CRISPR-Cas are adaptive immune systems that protect their hosts against viruses and other parasitic mobile genetic elements.1 Although widely distributed among prokaryotic taxa, CRISPR-Cas systems are not ubiquitous.2-4 Like most defense-system genes, CRISPR-Cas are frequently lost and gained, suggesting advantages are specific to particular environmental conditions.5 Selection from viruses is assumed to drive the acquisition and maintenance of these immune systems in nature, and both theory6-8 and experiments have identified phage density and diversity as key fitness determinants.9,10 However, these approaches lack the biological complexity inherent in nature. Here, we exploit metagenomic data from 324 samples across diverse ecosystems to analyze CRISPR abundance in natural environments. For each metagenome, we quantified viral abundance and diversity to test whether these contribute to CRISPR-Cas abundance across ecosystems. We find a strong positive association between CRISPR-Cas abundance and viral abundance. In addition, when controlling for differences in viral abundance, CRISPR-Cas systems are more abundant when viral diversity is low, suggesting that such adaptive immune systems may offer limited protection when required to target a diverse viral community. CRISPR-Cas abundance also differed among environments, with environmental classification explaining roughly a quarter of the variation in CRISPR-Cas relative abundance. The relationships between CRISPR-Cas abundance, viral abundance, and viral diversity are broadly consistent across environments, providing robust evidence from natural ecosystems that supports predictions of when CRISPR is beneficial. These results indicate that viral abundance and diversity are major ecological factors that drive the selection and maintenance of CRISPR-Cas in microbial ecosystems.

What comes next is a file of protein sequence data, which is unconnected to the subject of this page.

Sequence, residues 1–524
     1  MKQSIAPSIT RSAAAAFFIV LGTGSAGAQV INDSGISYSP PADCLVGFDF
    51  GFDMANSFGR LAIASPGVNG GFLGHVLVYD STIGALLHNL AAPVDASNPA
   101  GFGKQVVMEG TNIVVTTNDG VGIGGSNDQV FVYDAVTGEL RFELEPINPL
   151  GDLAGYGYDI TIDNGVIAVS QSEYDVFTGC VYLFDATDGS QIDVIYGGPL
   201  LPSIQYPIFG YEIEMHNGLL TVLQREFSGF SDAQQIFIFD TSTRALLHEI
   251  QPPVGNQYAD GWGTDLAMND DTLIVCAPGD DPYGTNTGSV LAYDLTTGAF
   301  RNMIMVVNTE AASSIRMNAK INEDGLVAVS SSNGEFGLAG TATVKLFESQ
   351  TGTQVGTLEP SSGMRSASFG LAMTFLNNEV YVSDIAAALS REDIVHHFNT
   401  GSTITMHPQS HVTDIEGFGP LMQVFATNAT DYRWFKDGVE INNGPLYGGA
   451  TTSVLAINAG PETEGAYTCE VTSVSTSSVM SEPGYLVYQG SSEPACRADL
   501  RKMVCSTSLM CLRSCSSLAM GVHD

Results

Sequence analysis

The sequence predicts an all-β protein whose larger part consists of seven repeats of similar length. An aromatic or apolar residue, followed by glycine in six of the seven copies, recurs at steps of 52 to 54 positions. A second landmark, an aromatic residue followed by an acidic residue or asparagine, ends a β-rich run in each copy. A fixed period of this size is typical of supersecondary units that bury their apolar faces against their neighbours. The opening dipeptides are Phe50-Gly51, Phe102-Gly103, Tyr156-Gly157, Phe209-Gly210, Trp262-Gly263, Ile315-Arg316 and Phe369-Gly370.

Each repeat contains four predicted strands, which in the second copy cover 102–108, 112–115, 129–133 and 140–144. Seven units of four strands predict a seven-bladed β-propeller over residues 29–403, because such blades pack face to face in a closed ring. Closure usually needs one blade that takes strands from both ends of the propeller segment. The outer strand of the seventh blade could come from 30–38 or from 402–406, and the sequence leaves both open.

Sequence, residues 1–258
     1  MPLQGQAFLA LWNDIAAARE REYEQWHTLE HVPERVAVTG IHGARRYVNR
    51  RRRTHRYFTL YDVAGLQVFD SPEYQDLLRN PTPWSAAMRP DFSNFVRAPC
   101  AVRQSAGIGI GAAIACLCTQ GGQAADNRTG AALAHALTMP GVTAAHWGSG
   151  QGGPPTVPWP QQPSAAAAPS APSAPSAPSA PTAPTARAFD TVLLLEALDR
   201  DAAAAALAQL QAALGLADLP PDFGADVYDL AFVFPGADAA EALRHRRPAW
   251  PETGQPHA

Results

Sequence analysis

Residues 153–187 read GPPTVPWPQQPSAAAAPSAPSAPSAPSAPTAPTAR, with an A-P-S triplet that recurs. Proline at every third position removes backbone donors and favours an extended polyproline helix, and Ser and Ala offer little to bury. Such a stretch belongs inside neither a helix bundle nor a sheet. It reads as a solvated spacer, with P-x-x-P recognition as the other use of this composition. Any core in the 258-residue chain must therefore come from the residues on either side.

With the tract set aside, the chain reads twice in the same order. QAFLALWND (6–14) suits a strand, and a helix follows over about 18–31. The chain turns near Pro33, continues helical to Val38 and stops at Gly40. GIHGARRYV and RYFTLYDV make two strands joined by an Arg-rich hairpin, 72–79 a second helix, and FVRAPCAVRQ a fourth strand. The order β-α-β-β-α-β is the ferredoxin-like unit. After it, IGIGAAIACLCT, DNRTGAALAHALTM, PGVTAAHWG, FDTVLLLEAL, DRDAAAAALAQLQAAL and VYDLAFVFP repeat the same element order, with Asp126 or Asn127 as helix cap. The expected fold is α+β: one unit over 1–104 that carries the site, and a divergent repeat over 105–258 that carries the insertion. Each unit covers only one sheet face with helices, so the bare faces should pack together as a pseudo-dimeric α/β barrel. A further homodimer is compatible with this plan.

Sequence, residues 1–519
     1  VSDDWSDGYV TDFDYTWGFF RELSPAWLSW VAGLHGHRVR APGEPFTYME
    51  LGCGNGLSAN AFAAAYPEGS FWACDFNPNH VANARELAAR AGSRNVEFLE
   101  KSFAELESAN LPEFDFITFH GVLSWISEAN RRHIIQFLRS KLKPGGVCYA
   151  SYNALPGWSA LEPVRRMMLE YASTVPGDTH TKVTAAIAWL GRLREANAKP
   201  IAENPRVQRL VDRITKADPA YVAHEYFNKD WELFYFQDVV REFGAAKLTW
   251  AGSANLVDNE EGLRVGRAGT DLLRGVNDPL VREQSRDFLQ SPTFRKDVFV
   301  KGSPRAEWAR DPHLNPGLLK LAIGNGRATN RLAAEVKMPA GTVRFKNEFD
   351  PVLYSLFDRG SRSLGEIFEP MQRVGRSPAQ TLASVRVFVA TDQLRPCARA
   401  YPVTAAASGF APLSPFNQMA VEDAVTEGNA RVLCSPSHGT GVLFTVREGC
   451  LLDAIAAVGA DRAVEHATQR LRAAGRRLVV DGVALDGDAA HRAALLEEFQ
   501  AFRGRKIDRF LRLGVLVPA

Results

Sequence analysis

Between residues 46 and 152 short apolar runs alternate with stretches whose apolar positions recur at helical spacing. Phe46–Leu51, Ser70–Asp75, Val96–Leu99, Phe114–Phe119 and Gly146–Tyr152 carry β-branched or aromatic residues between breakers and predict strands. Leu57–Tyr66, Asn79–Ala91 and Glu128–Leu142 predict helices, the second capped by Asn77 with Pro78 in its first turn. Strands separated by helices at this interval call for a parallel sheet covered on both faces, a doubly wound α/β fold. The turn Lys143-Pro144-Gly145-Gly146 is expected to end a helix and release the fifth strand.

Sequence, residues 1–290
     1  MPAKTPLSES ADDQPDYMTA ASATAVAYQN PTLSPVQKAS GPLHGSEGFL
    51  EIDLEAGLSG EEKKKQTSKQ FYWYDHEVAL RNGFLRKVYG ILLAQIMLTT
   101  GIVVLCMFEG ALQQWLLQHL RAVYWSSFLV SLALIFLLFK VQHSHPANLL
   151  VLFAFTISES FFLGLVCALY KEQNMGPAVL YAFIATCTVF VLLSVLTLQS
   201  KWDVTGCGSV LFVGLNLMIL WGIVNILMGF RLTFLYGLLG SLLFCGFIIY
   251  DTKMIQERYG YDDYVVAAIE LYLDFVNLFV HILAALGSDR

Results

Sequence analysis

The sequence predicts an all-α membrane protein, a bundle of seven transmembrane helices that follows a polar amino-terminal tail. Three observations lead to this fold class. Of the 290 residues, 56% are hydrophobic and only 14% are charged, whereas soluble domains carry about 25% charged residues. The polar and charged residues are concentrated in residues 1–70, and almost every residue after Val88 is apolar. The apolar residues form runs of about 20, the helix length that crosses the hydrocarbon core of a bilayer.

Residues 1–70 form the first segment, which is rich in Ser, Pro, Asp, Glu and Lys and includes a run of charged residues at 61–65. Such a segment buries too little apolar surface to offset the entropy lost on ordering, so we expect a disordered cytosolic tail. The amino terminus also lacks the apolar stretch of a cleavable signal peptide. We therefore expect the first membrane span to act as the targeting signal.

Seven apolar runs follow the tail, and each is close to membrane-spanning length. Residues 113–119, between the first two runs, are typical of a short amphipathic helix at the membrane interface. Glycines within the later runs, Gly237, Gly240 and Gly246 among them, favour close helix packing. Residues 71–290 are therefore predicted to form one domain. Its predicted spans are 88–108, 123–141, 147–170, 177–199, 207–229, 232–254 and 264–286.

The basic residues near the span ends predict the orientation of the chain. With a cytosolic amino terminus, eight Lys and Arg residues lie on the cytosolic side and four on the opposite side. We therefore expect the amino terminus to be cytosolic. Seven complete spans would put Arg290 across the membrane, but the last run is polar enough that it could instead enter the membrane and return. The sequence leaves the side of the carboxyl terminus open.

Keywords: CRISPR-Cas; bacteriophages; metagenomics; microbial ecology.
Copyright © 2021 The Authors. Published by Elsevier Inc. All rights reserved.